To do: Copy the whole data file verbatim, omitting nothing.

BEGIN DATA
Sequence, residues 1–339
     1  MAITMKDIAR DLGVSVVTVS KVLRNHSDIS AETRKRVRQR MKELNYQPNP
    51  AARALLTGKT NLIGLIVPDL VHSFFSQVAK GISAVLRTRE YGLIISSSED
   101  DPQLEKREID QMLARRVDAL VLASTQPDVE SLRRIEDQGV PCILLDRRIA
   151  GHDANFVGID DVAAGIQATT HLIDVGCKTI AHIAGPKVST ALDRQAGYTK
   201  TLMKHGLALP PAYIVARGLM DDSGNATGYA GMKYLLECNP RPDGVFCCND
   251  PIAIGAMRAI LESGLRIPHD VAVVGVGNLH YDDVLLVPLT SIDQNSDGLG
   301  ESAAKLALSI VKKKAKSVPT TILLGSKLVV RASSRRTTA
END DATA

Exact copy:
Sequence, residues 1–339
     1  MAITMKDIAR DLGVSVVTVS KVLRNHSDIS AETRKRVRQR MKELNYQPNP
    51  AARALLTGKT NLIGLIVPDL VHSFFSQVAK GISAVLRTRE YGLIISSSED
   101  DPQLEKREID QMLARRVDAL VLASTQPDVE SLRRIEDQGV PCILLDRRIA
   151  GHDANFVGID DVAAGIQATT HLIDVGCKTI AHIAGPKVST ALDRQAGYTK
   201  TLMKHGLALP PAYIVARGLM DDSGNATGYA GMKYLLECNP RPDGVFCCND
   251  PIAIGAMRAI LESGLRIPHD VAVVGVGNLH YDDVLLVPLT SIDQNSDGLG
   301  ESAAKLALSI VKKKAKSVPT TILLGSKLVV RASSRRTTA